Twenty-four years ago this month, at the Metropolitan Club, there was a PEN dinner to beat all previous PEN dinners. It was chaired by Gayfryd Steinberg who was then one of the reigning queens of New York Society. The top ticket was $750, which in those days was like $5000 today, and it was a sell-out. Mrs. Steinberg invited the crème de la crème of the social world of that moment. It was a time that John Fairchild, the editor of Women’s Wearand W had dubbed the Nouvelle Society, and although there was a flubba-dub-dub to the name, it accurately acknowledged the leadership of the social community.
These were heady times. It was the Reagan Era, well-established by now. Prosperity was flashing wealth around New York that hadn’t seen such grandeur since the turn of the century. The leaders, with very few exceptions, were the young women like Mrs. Steinberg.
They got a lot of attention. In previous times, a PEN fundraiser might have been readings by an important author in some Broadway theater. The money raised was used to help writers and to promote freedom of expression and freedom of speech. This charter remains. However, since that milestone event at the Metropolitan Club, PEN dinners have been fancy affairs that have grown in size.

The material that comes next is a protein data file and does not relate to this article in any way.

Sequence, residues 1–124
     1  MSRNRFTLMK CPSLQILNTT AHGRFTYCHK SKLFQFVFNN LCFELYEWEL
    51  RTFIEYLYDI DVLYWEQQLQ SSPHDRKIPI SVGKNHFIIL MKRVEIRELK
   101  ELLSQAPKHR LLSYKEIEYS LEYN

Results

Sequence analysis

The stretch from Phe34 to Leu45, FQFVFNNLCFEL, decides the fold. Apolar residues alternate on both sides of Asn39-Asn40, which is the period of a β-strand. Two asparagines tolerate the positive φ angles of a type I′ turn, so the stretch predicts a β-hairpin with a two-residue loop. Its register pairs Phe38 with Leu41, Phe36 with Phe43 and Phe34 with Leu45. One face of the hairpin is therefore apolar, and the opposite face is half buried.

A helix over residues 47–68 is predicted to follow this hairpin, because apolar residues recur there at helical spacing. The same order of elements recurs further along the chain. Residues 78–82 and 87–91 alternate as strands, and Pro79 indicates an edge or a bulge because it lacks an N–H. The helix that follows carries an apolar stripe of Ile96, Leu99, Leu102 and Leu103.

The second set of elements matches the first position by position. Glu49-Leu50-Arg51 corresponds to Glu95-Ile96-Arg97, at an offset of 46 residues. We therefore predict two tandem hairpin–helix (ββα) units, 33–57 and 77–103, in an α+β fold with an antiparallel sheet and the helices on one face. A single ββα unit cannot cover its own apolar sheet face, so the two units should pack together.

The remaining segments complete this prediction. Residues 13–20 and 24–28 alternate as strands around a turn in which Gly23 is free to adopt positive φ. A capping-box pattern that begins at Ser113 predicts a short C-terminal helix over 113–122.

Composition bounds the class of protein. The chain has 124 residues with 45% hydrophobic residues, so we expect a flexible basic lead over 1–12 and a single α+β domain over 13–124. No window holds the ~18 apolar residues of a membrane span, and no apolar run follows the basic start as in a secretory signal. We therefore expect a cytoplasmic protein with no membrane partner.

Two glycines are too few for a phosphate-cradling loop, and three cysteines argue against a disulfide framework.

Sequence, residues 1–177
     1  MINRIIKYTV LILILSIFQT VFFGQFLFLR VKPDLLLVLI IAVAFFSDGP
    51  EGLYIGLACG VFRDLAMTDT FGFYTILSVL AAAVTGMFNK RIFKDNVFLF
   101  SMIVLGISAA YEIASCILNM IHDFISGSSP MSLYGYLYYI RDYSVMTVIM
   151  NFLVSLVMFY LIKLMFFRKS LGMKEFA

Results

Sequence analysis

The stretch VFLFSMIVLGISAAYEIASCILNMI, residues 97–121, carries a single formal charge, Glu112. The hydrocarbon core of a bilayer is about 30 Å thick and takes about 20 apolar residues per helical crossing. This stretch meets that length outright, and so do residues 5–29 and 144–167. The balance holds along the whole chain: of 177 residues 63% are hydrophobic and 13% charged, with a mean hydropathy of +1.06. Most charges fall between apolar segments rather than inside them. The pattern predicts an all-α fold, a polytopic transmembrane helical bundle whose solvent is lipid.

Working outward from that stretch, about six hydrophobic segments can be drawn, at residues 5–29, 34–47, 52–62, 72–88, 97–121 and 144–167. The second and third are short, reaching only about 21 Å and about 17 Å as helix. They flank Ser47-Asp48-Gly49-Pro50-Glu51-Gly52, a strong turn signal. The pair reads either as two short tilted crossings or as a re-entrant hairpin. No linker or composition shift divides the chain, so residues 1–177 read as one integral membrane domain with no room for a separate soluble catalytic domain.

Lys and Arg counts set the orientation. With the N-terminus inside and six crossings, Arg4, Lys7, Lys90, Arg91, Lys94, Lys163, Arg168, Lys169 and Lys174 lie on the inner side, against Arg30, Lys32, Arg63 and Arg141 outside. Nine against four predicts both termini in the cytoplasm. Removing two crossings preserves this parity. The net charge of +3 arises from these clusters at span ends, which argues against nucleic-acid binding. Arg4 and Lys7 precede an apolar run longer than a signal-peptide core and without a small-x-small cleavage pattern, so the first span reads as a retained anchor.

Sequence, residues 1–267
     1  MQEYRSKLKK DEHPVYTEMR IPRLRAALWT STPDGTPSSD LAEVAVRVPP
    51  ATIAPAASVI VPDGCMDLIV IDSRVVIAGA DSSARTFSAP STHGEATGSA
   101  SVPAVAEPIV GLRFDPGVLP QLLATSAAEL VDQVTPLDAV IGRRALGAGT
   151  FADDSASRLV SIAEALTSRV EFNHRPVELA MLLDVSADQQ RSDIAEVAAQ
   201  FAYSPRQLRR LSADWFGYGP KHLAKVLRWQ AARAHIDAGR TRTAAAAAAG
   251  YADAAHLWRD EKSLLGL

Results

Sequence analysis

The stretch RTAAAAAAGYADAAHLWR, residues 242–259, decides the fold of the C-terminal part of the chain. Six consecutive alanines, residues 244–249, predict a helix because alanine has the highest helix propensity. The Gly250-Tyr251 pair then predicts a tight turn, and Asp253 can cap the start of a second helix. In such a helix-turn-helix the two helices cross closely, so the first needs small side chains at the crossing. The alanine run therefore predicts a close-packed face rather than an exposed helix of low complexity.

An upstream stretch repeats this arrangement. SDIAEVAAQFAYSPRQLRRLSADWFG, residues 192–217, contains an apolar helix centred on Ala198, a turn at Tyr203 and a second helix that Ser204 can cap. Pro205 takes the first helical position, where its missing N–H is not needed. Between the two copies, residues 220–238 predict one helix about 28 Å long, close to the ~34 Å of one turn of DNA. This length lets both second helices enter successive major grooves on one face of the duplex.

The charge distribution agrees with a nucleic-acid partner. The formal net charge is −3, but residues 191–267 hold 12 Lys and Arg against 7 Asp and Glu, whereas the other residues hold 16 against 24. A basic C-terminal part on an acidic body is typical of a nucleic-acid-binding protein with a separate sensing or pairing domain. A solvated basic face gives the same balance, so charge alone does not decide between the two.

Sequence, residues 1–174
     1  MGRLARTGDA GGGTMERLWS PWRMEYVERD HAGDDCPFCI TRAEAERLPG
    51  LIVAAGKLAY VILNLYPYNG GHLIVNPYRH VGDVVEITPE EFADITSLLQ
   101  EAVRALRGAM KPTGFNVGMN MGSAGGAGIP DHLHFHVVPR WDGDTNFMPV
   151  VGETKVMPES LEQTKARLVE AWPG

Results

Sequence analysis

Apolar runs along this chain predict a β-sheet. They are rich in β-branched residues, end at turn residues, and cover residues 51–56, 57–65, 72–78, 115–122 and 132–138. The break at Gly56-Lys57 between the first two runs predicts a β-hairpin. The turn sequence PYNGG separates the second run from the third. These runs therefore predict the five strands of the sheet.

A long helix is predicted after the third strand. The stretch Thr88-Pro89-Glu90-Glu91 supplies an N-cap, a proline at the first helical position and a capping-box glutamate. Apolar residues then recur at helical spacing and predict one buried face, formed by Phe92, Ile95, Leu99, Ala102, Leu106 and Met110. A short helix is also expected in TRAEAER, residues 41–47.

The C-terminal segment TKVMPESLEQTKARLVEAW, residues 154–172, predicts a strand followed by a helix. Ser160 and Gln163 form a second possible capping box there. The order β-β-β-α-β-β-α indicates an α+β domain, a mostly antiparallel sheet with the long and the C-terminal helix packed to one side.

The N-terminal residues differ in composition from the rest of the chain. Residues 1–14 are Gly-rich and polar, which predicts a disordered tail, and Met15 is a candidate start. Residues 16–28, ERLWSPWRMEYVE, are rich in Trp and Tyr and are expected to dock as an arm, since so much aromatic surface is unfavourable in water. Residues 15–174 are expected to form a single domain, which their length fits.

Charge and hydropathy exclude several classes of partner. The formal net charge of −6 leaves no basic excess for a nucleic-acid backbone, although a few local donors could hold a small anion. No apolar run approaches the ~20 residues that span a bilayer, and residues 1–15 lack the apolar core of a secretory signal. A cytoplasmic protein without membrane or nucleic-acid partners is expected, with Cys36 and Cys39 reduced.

That April night they raised between $200,000 and $250,000 – an impressive sum for such an event in those days. I can’t remember what PEN raised at last year’s dinner but I do know it was substantially more– held at an even larger venue – the American Museum of Natural History.
At the time, she took a lot of flak in the press about it, but Gayfryd Steinberg raised the bar for PEN for keeps. Today, it remains one of the “important” benefit galas on the annual social calendar. It’s still fancy, although perhaps in a more austere, less theatrical way. (Mrs. Steinberg has since transferred her signature of style to the annual New York Public Library Literary Lions dinner.)
Because of its illustrious membership, PEN also still draws a fair share of the deep pockets and well-heeled who make up what is regarded as “society” in New York today.
This party, however, was pure spectacle for those New Yorkers who attended (or just read about it). Mary Hilliard was there to photograph, and this is her archive of the event.
All photographs by Mary Hilliard.